Book Review: Introduction to Classical and Quantum Computing

A review of ‘Introduction to Classical and Quantum Computing’ by Thomas G. Wong.

The subject of this week’s post…!

Review: Introduction to Classical and Quantum Computing

Here’s something a bit different this week - a book review! Or at least, a loose collection of thoughts and opinions on a textbook I read recently and learned a lot from.

First, a bit of context. In September 2021, following 5 years and 2 postdoc positions in Paris, I moved to Berlin and joined the group of Prof. Jens Eisert. This is an unusually large research group, at least in my experience, with around two-thirds of the group working on quantum computing and quantum information aspects, and the remainder working on various aspects of many-body quantum physics. The group’s expertise falls across a broad spectrum, with most people having a good knowledge of both aspects, and many people active working on research in both camps. I, however, am firmly in the ‘many-body’ camp, having never taken any courses in quantum information, and so it’s been quite a learning curve getting to grips with quantum information in enough depth to understand even in vague terms what many group members are working on. Terminology that other group members take for granted is often completely alien to me, and learning the lingo while keeping up my own research activities is no mean feat.

Because of this, I’ve been looking out for good review articles and books on various aspects of quantum information, but I’ve had trouble finding a single source that covered the topics I wanted in the depth that I was looking for. I’m no stranger to the mathematics of quantum mechanics, but I was almost entirely unfamiliar with the language of quantum information. What I wanted – and still want! – is essentially “A Crash Course in Quantum Information for Many-Body Theorists” (which I’m genuinely considering writing myself), but most of what I found either treated the topic too superficially, or immediately launched into a more technical discussion than I was prepared for.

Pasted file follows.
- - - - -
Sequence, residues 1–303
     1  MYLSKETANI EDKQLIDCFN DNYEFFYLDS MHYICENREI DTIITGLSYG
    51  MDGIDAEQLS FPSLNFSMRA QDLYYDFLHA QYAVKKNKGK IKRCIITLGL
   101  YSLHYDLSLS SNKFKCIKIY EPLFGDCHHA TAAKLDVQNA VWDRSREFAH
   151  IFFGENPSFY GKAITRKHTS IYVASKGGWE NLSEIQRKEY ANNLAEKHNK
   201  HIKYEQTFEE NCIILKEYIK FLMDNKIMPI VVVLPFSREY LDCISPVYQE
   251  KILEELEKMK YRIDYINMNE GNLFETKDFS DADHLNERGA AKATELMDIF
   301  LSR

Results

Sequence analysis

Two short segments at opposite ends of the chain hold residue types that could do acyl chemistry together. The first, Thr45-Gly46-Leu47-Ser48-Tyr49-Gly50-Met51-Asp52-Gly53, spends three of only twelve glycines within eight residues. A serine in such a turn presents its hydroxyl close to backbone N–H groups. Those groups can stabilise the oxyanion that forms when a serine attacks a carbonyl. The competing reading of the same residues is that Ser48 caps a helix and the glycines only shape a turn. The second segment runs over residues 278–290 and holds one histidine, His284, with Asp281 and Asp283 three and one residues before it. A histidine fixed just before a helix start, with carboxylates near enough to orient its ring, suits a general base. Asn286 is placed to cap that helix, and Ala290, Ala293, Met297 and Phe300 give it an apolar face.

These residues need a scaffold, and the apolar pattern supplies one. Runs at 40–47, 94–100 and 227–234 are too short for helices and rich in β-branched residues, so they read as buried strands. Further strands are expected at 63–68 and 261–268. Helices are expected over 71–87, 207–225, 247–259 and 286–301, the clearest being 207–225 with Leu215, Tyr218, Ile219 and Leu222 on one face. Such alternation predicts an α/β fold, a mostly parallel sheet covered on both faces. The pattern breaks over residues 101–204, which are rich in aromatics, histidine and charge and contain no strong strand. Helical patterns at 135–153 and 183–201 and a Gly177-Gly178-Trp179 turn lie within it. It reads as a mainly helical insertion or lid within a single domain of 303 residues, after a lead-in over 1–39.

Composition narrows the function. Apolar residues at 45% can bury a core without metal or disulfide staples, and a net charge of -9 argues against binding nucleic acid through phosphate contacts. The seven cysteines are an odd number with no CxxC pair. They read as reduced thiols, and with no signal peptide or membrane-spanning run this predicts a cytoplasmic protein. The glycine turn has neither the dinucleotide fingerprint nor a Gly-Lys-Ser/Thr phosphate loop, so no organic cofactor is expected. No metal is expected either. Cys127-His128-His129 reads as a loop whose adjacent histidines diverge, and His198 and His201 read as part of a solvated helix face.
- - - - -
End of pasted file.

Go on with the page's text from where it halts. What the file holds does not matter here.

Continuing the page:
Enter Introduction to Classical and Quantum Computing by Thomas G. Wong, which I found out about via Twitter. I knew this had been launched as a free ebook, but it was only when it was launched as a paperback that it really caught me eye. Here was a book penned by an expert in the field, based on a battle-tested notes for a course he’d taught for several years, given away for free in ebook form or sold in physical form for the very reasonable price of 14 EUR. Compared to the cost of most textbooks, this is insanely cheap, and the philosophy of pricing a book to be accessible immediately stood out to me as something I wanted to support. I had a quick look at the ebook, liked what I saw, and almost immediately bought the paperback (as I knew I was unlikely to really read the ebook version).

I’ve now finished the book, one of the few textbooks I’ve ever read cover-to-cover1, and I’ve got to say I really liked it. It must be said that I’m not really the target audience - I’m a professional physicist, while the book is aimed at undergraduate level and presupposes no advanced mathematical knowledge, requiring nothing more than calculus. Every other topic is explained in a logical order in an easygoing, conversational tone that makes it all seem very approachable (although again, as I’m already very familiar with topics like linear algebra, I was able to skim these sections quite quickly - YMMV!). It’s the closest text I’ve found to what I wanted from a quantum information book, namely a self-contained, easy to digest tour of the basic processes and challenges of quantum computation, giving the reader enough that they come away with a decent understanding of what quantum computing entails, and preparing them to move on to more advanced texts.

Wong begins by explaining the essentials of classical computing with bits, i.e. the 1s and 0s inside a regular computer, and the types of operations that can be done with them. The focus is on logic gates, something I remember from high school, which are ‘black box’ objects that take one or more input bits and return one or more output bits. For example, the NOT gate is used to invert a bit from 0 to 1, or 1 to 0, while the AND gate takes two bits as input and only returns a 1 if both inputs are 1s. One thing I’d never quite realised – despite a fair bit of electronics training and a history of building and tinkering with guitar effects pedals! – is that many classical logic gates are irreversible, meaning that their output doesn’t uniquely determine what their input was. This is, as I found out, very different from quantum gates which are always reversible.